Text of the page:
STOCKHOLM: The head of the EU’s disease control agency has warned that the novel coronavirus could last indefinitely even as global infections slowed by nearly half in the last month and vaccine rollouts gathered pace in parts of the world.
In an interview, ECDC chief Andrea Ammon urged European countries in particular not to drop their guard against a virus that “seems very well adapted to humans” and may require experts to tweak vaccines over time, as is the case with the seasonal flu.
“So we should be prepared that it will remain with us,” according to Ammon, head of the Stockholm-based European Centre for Disease Prevention and Control.
After the latest harsh wave of a pandemic that started in China more than a year ago, glimmers of hope flickered as a database showed the rate of new Covid-19 infections has slowed by 44.5 per cent worldwide over the past month.
More than 107 million people have been infected worldwide and nearly 2.4m have died from Covid-19.
But disease experts warned that vaccines won’t end the pandemic unless all countries receive doses in a fast and fair manner.
Writing in an open letter published in the Lancet medical journal, the authors said with vaccine stockpiling in wealthier countries, “it could be years before the coronavirus is brought under control at a global level.” The warning came as US vaccine maker Moderna said it was seeking clearance with regulators around the world to put 50 per cent more coronavirus vaccine into each of its vials as a way to quickly boost current supply levels.
In Britain, a marked drop in infections and accelerating vaccinations have prompted some within the governing Conservative Party to push for stay-at-home rules to be lifted in early March.
Much of the country re-entered lockdown in early January to curb a more transmissible Covid-19 variant first identified in the UK.
The British government nonetheless voiced caution, a watchword echoed elsewhere, including Italy, Portugal and Australia.
In Australia, more than six million people in Melbourne and its surrounding area were under an emergency five-day coronavirus lockdown.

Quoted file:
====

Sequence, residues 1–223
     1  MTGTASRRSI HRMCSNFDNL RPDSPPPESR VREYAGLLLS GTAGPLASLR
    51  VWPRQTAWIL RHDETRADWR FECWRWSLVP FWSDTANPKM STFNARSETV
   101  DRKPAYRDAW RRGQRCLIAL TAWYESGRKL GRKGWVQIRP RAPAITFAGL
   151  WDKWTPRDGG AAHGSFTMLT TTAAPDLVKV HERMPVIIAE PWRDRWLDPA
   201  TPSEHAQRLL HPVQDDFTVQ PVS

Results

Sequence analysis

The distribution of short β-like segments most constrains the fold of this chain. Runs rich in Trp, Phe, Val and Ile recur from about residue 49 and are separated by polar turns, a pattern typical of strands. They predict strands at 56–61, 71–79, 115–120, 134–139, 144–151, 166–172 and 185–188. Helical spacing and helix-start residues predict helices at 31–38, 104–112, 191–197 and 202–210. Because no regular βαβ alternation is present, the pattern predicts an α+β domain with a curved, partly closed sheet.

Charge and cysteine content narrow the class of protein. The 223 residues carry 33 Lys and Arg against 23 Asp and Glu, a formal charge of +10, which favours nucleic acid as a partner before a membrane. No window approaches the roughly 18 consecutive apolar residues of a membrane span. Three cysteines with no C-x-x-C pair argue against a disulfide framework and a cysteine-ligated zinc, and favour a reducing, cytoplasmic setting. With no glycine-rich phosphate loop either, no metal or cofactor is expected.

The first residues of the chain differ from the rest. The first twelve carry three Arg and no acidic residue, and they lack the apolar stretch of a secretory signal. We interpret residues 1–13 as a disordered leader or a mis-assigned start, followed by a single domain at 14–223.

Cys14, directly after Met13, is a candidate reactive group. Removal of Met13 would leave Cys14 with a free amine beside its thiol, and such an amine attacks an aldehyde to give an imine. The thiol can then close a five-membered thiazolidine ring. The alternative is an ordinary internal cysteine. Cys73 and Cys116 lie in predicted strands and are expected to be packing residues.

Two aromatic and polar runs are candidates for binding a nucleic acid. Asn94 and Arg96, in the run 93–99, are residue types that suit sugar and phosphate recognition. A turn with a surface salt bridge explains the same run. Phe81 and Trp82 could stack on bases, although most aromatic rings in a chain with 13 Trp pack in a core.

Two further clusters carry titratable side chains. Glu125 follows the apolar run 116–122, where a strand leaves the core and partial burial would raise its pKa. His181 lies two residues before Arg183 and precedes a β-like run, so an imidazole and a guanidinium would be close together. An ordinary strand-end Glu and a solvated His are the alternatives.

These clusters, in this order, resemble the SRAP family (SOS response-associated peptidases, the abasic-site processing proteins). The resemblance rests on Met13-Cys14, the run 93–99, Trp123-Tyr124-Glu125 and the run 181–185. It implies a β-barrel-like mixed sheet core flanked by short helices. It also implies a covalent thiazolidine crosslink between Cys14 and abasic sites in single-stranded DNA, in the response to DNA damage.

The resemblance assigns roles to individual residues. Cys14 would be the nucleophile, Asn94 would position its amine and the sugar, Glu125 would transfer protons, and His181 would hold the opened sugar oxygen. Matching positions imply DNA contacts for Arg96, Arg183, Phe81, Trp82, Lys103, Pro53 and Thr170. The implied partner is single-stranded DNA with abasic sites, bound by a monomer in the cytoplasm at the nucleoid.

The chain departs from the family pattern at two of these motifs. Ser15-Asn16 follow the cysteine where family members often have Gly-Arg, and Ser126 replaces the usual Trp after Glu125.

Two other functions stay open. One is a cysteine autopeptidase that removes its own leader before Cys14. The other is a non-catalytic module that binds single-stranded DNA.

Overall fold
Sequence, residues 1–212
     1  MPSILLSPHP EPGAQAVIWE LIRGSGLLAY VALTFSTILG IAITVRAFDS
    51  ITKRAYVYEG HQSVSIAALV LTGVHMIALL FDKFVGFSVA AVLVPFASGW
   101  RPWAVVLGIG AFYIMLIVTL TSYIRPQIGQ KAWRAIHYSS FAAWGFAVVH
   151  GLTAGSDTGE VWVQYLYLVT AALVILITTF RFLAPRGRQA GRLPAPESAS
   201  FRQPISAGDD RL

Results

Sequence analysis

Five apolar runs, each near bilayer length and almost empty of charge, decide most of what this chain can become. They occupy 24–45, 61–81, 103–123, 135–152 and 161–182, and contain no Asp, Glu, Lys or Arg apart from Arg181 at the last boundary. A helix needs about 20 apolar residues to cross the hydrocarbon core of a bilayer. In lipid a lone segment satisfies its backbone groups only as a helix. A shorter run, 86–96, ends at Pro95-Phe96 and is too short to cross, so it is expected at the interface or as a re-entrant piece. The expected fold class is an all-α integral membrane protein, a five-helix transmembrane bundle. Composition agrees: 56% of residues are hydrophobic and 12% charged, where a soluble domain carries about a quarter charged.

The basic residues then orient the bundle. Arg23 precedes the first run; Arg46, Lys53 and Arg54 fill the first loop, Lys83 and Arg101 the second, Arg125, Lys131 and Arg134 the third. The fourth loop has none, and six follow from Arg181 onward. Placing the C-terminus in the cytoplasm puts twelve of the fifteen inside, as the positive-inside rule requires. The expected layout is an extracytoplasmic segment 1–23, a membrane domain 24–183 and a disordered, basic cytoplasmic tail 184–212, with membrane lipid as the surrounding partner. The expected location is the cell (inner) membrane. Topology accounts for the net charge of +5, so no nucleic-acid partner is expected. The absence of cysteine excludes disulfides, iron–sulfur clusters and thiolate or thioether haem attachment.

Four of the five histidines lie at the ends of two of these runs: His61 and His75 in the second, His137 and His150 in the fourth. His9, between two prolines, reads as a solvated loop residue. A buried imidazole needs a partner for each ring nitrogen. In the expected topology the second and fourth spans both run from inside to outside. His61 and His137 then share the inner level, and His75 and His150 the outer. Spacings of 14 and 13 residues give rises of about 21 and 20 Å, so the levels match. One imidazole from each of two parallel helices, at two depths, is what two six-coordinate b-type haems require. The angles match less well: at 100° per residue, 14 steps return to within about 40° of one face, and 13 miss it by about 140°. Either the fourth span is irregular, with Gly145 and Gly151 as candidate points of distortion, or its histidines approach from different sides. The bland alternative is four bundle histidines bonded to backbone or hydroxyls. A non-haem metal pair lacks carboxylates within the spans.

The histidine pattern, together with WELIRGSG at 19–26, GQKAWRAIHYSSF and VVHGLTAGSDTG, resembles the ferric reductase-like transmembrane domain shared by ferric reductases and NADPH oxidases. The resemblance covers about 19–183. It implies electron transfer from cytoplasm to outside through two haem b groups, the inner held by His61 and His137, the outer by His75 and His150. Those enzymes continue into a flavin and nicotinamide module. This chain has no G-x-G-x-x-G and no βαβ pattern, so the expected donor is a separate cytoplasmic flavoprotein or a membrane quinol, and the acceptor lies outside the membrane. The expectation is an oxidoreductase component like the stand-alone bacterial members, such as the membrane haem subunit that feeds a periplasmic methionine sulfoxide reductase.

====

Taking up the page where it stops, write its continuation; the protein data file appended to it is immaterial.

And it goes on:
“It’s rough. It’s going to be a rough few days for everyone,” said tennis star Serena Williams, reacting to the lockdown moments after her latest victory at the Australian Open.
While play will continue under the restrictions, fans will no longer be permitted and players must restrict themselves to bio-secure “bubbles”.
The toll on sports, entertainment and economies continued to be massive.
The Tokyo Olympic Games are due to open in July after multiple delays.
But the games organisers are already battling public misgivings about holding the huge international event this summer.
European Commission chief Ursula von der Leyen urged the 27 EU member countries to accelerate ratification of a key part of the bloc’s $900-billion plan to recover from the impact of the pandemic.
The UK — which has left the EU and has Europe’s highest virus death toll after a heavily criticised initial response to the pandemic — reported that the economy shrank a record 9.9pc last year.
Finance minister Rishi Sunak admitted the impact would be a “serious shock” and warned: “We should expect the economy to get worse before it gets better.”
Hungary, meanwhile, said it would become the first EU nation to start using Russia’s Sputnik V vaccine.
The country broke ranks with the EU last month by becoming the first bloc member to approve Sputnik V, ordering two million doses to be delivered over three months, enough to vaccinate one million people.
Russia registered Sputnik V in August, months ahead of Western competitors but before the start of large-scale clinical trials, which left some experts wary.